Technology was supposed to make people more productive. But a new study out from market research firm uSamp indicates that some of the social networking, mobile and collaboration technologies that we’ve grown to love over the years are actually killing precious time. Sixty percent of workplace interruptions are tied to email, social networks, text messages or simply switching windows in various applications.
The survey of 500 U.S. employees discovered that 53 percent of workers waste at least one hour per day on various distractions. That equates to more than $10,000 in wasted productivity per person each year (considering an average salary of $30 per hour).
“This survey paints a picture of a highly distracted workplace with a particular irony: information technology that was designed at least in part to save time is actually doing precisely the opposite. The very tools we rely on to do our jobs are also interfering with that mission,” said Yaacov Cohen, co-founder and CEO of harmon.ie, the email startup that commissioned the study.
According to the study, 23 percent of respondents said that they get distracted by email while nine percent cited personal activities on Facebook. Instant messaging accounted for six percent, followed by text messaging (five percent) and Web search (three percent).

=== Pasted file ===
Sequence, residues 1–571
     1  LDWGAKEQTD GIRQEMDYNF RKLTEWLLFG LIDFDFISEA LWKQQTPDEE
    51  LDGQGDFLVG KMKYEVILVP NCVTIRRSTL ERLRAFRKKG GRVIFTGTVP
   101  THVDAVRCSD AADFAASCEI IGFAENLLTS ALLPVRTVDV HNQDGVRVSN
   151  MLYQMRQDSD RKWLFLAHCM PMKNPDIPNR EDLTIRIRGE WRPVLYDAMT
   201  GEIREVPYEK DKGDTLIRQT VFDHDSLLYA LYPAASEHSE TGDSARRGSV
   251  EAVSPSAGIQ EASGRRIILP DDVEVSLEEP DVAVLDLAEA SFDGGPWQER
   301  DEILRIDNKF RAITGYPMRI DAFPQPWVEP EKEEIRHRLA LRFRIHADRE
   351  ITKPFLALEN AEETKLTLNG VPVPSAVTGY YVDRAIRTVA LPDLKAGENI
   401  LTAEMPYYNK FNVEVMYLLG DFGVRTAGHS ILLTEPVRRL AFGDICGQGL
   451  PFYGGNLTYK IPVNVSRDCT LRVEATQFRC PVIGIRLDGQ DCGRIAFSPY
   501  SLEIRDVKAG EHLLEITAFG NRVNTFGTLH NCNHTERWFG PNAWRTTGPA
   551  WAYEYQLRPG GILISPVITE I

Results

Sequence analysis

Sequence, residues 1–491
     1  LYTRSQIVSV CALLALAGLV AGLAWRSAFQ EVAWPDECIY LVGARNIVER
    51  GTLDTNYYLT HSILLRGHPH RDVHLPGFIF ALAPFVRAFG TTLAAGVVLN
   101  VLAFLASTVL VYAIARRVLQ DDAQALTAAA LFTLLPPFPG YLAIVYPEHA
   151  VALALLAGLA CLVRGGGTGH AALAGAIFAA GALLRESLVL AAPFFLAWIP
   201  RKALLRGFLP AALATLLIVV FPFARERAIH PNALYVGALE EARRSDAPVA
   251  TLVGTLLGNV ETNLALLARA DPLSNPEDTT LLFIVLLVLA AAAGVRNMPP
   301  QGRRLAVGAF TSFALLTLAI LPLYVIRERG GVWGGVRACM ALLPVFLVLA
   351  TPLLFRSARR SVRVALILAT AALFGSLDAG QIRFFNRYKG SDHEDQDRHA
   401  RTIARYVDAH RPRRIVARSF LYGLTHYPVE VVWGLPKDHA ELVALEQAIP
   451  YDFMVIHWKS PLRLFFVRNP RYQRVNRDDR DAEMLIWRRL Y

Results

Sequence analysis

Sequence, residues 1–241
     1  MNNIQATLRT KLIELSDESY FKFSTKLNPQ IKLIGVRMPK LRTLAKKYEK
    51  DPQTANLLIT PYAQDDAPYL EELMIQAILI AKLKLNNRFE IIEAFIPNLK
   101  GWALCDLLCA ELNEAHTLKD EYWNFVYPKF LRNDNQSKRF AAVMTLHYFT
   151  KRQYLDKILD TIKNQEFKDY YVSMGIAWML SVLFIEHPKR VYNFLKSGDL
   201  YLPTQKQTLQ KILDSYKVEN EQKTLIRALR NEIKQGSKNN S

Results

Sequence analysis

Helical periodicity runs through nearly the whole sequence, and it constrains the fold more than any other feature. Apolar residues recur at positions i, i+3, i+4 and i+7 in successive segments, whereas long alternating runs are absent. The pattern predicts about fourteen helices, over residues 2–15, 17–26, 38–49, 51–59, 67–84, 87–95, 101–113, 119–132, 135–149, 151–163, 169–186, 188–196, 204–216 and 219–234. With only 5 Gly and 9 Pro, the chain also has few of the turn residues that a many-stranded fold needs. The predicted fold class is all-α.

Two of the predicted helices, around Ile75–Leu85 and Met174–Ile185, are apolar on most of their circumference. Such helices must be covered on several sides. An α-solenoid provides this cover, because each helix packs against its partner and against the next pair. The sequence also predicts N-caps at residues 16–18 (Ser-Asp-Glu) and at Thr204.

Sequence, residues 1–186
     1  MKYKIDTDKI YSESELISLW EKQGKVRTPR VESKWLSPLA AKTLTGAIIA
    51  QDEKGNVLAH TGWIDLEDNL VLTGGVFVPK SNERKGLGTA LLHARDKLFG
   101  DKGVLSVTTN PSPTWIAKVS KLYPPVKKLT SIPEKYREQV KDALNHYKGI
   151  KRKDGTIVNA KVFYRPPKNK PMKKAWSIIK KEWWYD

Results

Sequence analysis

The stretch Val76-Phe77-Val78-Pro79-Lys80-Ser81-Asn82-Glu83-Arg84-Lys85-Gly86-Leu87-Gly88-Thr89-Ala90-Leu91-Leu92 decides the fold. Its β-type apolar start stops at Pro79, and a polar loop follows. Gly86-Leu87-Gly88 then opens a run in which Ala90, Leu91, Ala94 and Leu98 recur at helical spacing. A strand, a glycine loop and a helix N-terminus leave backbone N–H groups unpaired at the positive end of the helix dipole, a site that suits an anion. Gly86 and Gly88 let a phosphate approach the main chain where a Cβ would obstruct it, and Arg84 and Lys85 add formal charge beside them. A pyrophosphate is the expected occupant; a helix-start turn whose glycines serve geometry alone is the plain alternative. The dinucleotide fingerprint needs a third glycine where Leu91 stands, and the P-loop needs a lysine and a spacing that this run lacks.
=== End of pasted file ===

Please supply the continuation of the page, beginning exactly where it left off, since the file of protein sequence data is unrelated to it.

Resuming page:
Furthermore, the study found that people on average spend just over two hours per week trying to find documents in email, on the desktop or in a storage device.
We’re also becoming more ruder as a result of technology, with two thirds of people saying that they will interrupt a meeting in order to communicate with someone either via email (48 percent); phone call (35 percent); IM (28 percent); updating social networking status (12 percent) or Tweeting (nine percent).
Even more interesting, 85 percent of respondents only turn off their mobile devices when their boss asks them to. Do you?